BEIJING - There is barely a day to go before United States President Donald Trump and Chinese President Xi Jinping meet on the sidelines of the G-20 summit in Osaka to resuscitate failed trade talks.
But instead of urging both sides to cooperate and compromise, as it commonly does in the lead-up to such high-level meetings, the Chinese state media has kept up its criticism of the US.
This week, media outlets ranging from nationalist tabloid Global Times to the Chinese Communist Party's official People's Daily newspaper have published commentaries and editorials that attack the US' top diplomat Mike Pompeo, and its "maximum pressure" tactics against China.
Experts say the tone of the Chinese media, which is tightly controlled by the government, reflects the thinking of Chinese leaders, and suggests that Beijing remains cautious about the possibility of an eventual deal.
On Friday (June 28), the Chinese Foreign Ministry said at a briefing that teams from both sides were in close communication ahead of the Xi-Trump meeting, adding that it hoped the Americans would come together with the Chinese and "work together to push for a positive result".
In an editorial on Thursday, the People's Daily called the US "the international community's troublemaker" for pushing its unilateralist policies.
"Some people in the US have this fixed 'Cold War mentality', and believe in the idea of a 'zero-sum game'. They won't hesitate to harm the interests of other countries in seeking their so-called absolute security - this does not benefit global peace and security, and is not in line with the trend of the times," said the newspaper.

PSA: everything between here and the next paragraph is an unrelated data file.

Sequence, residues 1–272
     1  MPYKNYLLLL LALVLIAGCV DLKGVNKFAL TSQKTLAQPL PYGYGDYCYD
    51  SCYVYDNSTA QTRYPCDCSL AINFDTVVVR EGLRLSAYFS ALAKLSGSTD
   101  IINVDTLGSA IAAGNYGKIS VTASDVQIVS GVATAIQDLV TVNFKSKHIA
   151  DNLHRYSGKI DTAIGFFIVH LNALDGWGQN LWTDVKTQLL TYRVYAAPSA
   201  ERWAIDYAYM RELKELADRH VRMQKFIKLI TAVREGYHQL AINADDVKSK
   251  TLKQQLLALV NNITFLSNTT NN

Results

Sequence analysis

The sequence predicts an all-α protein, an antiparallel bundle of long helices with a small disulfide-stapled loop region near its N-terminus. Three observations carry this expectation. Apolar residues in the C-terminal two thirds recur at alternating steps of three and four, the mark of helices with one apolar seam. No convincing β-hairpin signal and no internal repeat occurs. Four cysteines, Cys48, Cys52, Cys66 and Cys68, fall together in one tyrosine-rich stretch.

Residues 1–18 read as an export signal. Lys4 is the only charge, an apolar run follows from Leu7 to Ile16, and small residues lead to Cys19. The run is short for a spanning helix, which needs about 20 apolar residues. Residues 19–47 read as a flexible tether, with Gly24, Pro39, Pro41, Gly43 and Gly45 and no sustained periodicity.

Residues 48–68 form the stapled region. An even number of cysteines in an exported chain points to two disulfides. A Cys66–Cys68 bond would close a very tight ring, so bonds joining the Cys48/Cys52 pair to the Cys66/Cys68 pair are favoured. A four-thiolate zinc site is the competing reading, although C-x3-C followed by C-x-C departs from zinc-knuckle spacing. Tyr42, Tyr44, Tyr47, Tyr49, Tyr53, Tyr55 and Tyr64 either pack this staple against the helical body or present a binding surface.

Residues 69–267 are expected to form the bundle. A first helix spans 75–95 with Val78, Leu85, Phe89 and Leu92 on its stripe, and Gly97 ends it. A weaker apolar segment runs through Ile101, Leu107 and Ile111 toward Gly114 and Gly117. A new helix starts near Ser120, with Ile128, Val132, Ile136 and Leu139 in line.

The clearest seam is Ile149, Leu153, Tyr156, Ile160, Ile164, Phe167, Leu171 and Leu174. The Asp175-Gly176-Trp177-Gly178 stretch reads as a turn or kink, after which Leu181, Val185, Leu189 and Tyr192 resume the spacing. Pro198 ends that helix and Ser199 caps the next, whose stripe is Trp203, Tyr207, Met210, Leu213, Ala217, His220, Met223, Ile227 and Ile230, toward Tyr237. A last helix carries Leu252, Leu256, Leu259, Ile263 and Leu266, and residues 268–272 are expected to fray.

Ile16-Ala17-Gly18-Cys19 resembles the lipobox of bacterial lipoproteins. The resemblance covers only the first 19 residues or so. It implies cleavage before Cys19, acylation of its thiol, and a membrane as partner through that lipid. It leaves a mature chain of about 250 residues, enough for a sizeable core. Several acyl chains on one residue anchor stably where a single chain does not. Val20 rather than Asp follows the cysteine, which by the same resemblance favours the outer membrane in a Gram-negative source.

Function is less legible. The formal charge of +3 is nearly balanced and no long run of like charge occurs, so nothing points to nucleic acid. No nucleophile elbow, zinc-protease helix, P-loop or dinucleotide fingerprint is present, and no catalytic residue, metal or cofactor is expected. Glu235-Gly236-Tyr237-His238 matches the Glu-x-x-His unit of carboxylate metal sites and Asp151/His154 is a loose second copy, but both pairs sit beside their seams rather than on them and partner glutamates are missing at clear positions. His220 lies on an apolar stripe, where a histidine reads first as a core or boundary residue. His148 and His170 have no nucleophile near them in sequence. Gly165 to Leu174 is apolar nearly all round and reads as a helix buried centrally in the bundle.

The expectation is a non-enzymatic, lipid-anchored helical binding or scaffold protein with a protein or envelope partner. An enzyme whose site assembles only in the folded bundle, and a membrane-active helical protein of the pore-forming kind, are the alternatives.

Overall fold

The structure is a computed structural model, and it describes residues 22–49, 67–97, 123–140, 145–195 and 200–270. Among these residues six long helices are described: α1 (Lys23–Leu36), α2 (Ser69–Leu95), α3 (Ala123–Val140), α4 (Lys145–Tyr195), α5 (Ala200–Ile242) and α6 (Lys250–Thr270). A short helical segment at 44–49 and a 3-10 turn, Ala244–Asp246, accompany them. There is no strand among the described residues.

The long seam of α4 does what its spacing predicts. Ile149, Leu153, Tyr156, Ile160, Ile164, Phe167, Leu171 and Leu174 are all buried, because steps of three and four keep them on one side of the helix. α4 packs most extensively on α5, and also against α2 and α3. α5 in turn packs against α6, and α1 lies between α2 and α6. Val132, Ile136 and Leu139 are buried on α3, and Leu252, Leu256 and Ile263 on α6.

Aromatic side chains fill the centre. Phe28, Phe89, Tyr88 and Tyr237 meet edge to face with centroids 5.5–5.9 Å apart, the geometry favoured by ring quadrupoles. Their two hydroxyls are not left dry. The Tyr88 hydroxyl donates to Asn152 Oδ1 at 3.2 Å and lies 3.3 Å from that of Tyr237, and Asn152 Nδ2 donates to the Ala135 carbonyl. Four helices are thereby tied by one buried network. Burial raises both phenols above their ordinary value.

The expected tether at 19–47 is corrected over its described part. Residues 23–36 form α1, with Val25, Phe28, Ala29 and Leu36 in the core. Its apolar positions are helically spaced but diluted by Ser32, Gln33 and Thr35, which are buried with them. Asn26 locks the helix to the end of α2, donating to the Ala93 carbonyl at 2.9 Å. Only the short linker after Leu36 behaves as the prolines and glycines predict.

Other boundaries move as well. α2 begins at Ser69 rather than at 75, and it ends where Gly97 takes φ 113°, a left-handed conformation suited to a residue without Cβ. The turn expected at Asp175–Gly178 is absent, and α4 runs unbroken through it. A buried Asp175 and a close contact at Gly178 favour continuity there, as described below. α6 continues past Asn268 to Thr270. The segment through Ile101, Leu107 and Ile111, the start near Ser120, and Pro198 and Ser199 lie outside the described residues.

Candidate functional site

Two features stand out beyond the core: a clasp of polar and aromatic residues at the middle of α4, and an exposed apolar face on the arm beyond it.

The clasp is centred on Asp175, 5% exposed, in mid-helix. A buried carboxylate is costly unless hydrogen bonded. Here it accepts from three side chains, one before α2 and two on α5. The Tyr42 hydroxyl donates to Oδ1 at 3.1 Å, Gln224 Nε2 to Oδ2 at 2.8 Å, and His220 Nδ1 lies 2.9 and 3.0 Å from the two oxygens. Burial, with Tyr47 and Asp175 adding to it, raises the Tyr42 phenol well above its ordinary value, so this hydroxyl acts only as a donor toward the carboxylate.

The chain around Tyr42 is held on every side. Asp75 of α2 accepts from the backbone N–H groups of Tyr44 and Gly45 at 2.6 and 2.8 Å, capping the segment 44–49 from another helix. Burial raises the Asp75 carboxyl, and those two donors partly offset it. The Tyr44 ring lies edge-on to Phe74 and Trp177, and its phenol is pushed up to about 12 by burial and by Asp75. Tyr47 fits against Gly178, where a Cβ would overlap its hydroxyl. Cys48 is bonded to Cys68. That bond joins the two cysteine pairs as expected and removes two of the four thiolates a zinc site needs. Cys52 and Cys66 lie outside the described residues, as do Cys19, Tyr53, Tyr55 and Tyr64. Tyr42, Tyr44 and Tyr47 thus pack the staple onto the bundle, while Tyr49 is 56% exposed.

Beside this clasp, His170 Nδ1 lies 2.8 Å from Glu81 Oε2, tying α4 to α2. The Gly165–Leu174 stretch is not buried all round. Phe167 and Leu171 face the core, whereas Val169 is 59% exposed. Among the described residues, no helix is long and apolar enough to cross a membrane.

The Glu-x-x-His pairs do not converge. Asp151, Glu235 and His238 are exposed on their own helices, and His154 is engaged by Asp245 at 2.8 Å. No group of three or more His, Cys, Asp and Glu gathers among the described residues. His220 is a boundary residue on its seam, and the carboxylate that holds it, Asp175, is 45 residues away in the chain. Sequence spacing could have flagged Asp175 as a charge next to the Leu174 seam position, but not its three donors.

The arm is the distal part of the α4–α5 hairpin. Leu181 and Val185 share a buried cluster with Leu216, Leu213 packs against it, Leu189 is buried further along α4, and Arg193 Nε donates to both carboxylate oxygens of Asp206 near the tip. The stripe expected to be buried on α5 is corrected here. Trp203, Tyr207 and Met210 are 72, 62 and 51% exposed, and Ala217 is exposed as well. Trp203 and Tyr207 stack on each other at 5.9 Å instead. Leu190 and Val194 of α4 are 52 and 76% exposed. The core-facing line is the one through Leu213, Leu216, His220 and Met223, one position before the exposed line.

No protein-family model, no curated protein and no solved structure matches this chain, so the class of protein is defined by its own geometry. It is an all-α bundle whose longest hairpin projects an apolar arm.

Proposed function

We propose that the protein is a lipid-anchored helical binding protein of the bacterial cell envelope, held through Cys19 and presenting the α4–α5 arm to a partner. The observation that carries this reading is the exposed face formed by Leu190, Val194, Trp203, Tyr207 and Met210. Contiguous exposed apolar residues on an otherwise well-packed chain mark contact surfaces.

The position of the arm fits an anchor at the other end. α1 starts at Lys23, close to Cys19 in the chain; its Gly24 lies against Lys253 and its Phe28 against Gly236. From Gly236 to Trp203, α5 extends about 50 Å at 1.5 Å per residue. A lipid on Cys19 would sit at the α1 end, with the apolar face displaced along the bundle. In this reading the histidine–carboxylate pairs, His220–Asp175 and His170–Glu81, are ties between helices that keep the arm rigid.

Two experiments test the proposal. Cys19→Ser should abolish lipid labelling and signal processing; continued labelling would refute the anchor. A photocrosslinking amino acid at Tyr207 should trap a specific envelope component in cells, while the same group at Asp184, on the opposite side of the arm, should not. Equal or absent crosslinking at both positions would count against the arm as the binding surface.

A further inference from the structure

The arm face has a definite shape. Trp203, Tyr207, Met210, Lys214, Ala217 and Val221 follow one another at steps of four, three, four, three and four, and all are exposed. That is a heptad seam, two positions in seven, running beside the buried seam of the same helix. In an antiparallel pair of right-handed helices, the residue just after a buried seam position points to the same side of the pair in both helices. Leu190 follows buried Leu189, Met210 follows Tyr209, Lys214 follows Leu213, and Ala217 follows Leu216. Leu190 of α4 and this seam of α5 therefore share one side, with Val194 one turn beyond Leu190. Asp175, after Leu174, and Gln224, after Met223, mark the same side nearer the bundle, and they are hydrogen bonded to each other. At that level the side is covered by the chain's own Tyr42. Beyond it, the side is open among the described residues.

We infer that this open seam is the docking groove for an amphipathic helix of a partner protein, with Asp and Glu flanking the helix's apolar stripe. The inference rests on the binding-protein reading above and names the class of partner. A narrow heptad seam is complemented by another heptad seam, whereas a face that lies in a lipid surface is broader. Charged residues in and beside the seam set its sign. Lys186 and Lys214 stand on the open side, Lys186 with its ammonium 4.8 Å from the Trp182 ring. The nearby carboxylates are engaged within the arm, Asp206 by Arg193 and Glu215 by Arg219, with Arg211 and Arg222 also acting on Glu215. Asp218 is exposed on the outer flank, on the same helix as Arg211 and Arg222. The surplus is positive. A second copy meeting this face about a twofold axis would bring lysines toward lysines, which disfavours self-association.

The nationalist Global Times was also unflinching in its criticism, writing in an editorial on Friday that using tariffs to pressure China into a deal would not work.
The escalating trade war between the two countries has already seen tariffs slapped on US$360 billion (S$487 billion) worth of goods from both sides.
Mr Trump has threatened to impose tariffs "maybe at 10 per cent" on the remaining US$300 billion worth of Chinese imports that remain untaxed, calling this his "Plan B" if negotiations peter out after the summit with Mr Xi.
"Exerting pressure on the other side before important meetings or negotiations is an old tactic that the US side often adopts. The Chinese side is overly familiar with their modus operandi, and will not fall for it," the Global Times said.
The Chinese state media has also published scathing commentaries against Mr Pompeo, the US Secretary of State.
The Global Times did this twice this week, calling Mr Pompeo the "complainer-in-chief", for canvassing international support against China.
"He is becoming hysterical, using his power to blend his personal anti-China will with US national policy," it wrote.
Unusually, one of the Global Times' articles was also featured during the primetime news bulletin of state news broadcaster CCTV, which usually reports content from state news agency Xinhua or the People's Daily.
Professor Shi Yinhong of Renmin University said after trade talks broke down last month, Beijing is now more cautious and recognises that the possibility of reaching an agreement in the short term is "quite low".
Observers widely expect both leaders to announce a restart of trade negotiations when they meet in Osaka on Saturday.
"Having negotiations doesn't mean both sides can reach a deal, the positions of China and the US now look to be too far apart," said Prof Shi, adding that Chinese media is reflecting Beijing's cautious expectations of a deal and preparing for a protracted trade war.